(Hepatobiliary Iminodiacetic Acid Scan; Gallbladder Scan; Hepatobiliary Imaging; Biliary Tract Radionuclide Scan; Hepatobiliary Scintigraphy; Cholescintigraphy; HIDA [a technetium-99m disopropyl analogue] Scan)
by Deanna M. Neff, MPH
A HIDA scan is an imaging test. It helps to diagnose problems of the gallbladder and liver.
Bile is a fluid that is made in the liver. It is stored in the bile duct. This fluid helps your body digest certain foods. If there is a problem with the production or flow of bile, a HIDA scan may find the problem.
Gallbladder, Liver, and Stomach
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Reasons for Test TOP
This test is done to:
This test is not done on patients who are pregnant.
Possible Complications TOP
Complications are rare. Some may have an allergic reaction to tracers used in the scan. Talk to your doctor about any allergies you have.
What to Expect TOP
Prior to Test
At the Hospital
Description of Test
You will lie on your back. It is important to lie still during the entire test. Taking deep breaths or focusing on other things may help. The doctor will inject a "tracer drug" into an IV, a needle in a your vein. Children and some adults may also be given a sedative to keep calm. A special camera will track the path of the tracer drug as it goes through your liver, gallbladder, and biliary ducts. The camera will take pictures by scanning your abdomen. It will pass back and forth about every 5-10 minutes for one hour. In some cases, more pictures may be needed 2, 4, or 24 hours later.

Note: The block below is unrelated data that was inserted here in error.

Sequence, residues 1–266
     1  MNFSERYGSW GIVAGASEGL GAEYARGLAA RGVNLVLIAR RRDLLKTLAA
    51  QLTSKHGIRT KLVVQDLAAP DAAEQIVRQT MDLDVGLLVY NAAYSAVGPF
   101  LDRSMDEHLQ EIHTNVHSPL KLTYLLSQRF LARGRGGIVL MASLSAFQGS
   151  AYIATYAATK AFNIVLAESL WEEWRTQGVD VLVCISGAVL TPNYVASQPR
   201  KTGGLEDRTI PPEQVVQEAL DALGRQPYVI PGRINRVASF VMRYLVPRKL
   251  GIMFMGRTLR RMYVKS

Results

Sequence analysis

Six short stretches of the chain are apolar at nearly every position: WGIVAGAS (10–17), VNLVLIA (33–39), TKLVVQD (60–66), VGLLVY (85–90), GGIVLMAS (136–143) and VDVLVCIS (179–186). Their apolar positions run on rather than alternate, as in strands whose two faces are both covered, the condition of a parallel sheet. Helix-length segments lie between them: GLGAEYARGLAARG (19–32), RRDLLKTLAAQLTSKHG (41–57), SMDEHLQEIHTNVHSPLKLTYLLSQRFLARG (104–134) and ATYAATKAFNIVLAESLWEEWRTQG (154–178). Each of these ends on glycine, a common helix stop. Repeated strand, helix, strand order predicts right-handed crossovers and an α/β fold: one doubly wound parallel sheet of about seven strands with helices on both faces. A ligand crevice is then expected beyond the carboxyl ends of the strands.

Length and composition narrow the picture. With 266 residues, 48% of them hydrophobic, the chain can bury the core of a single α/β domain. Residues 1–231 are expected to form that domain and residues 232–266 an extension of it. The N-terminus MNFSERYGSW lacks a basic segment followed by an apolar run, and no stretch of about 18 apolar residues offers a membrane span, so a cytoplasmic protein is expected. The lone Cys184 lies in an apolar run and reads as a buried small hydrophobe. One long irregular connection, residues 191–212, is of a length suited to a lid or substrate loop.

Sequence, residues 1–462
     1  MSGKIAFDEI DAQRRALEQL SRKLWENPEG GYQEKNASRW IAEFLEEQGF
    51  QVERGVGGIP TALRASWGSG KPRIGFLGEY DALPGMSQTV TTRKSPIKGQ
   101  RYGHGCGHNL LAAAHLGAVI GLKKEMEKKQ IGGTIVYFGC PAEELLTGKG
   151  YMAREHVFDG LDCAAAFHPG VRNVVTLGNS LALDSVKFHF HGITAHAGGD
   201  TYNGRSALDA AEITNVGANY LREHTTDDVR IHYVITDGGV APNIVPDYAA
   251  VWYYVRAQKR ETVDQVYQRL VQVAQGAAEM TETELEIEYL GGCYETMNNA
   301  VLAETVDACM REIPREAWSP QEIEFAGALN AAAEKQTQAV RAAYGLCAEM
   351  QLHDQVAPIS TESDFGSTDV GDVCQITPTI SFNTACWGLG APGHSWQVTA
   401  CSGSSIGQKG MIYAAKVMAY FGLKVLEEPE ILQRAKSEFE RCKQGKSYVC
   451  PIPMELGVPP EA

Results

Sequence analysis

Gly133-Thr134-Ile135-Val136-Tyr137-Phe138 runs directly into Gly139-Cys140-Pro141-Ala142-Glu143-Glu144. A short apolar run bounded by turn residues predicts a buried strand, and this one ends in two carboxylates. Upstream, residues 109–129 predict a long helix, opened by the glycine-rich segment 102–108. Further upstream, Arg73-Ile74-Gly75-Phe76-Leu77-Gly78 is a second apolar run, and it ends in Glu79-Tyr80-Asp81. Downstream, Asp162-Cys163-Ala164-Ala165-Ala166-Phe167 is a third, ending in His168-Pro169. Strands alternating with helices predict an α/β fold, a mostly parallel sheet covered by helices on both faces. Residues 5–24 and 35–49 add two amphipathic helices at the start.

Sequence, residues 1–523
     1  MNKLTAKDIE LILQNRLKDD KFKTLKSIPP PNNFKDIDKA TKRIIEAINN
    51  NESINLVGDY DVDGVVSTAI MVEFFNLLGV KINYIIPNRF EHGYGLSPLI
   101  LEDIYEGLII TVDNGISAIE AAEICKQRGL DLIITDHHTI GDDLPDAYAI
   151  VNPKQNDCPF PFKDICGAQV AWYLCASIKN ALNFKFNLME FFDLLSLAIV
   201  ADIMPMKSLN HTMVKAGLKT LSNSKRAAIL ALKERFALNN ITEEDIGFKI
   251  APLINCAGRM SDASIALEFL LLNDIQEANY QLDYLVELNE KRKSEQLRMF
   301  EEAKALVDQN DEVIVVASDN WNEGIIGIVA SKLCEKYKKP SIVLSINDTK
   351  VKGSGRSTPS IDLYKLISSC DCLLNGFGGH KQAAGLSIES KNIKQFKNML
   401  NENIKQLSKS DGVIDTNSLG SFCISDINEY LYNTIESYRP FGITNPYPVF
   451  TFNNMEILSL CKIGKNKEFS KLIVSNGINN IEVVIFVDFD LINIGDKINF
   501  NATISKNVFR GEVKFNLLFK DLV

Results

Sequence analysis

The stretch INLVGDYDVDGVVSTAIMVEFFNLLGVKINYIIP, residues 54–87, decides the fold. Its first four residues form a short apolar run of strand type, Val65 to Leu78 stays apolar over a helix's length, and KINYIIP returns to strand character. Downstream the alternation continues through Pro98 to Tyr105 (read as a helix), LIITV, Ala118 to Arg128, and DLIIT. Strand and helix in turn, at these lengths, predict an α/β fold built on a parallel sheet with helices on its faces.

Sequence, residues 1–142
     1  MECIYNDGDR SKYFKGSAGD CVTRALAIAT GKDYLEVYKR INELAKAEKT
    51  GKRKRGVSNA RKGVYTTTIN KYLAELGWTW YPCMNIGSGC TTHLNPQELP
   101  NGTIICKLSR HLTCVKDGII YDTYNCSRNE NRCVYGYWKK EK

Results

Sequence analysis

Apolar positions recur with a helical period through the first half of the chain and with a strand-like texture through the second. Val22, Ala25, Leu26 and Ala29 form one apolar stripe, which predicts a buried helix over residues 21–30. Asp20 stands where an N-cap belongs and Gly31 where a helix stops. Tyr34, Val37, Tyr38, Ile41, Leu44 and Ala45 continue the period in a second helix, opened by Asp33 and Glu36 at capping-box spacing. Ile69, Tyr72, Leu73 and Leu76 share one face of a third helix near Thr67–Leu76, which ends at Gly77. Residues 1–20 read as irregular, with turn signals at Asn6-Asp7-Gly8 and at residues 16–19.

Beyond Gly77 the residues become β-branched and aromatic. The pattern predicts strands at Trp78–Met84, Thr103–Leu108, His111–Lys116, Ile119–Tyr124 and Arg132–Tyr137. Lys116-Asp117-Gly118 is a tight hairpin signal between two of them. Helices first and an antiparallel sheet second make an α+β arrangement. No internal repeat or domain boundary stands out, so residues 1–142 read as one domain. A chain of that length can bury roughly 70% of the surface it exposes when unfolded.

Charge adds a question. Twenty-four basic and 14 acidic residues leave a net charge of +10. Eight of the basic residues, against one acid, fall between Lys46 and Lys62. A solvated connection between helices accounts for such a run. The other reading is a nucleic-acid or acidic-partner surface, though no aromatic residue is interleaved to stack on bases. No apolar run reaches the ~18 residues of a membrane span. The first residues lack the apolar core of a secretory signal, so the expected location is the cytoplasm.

Some people may need to be given morphine to create spasms and get a better view of the gallbladder. A fatty meal may also be given to check the digestive process in the intestines near the gallbladder and liver.
After Test TOP
How Long Will It Take? TOP
Will It Hurt? TOP
You may feel mild discomfort during the injection, and it may be challenging to stay still for a long time. The imaging does not cause pain.
The doctor is looking for the tracer drug, or darkened areas, on the monitor. A normal result is when the tracer drug, which contains a dye, moves freely through the system. A problem, like a blockage, leak, or inflammation may be present if the tracer drug moves slowly through the system, does not show on the monitor, or is seen in other areas. The doctor may discuss the results of your scan with you.
Call Your Doctor TOP
After the test, call your doctor if any of the following occurs:
American College of Gastroenterology
American Family Physician
National Digestive Diseases Information Clearinghouse
Canadian Association of Gastroenterology
Canadian Digestive Health Foundation
Mayo Clinic. HIDA Scan. Mayo Clinic website. Available at: http://www.mayoclinic.com/health/hida-scan/MY00320 . Accessed April 16, 2010.
Van Leeuwen AM, Kranpitz TR, Smith L. Davis's Comprehensive Handbook of Laboratory & Diagnostic Tests with Nursing Implications . Hepatobiliary scan. EBSCO Nursing Reference Center. Available at: http://www.ebscohost.com/thisTopic.php?marketID=16&topicID=1034 . Published January 1, 2006. Accessed April 16, 2010.
Venes D. HIDA scan. Taber's Cyclopedic Medical Dictionary . EBSCO Nursing Reference Center. Available at: http://www.ebscohost.com/thisTopic.php?marketID=16&topicID=1034 . Published January 1, 2005. Accessed April 16, 2010.
Last reviewed September 2013 by Daus Mahnke, MD
Last Updated: 9/30/2013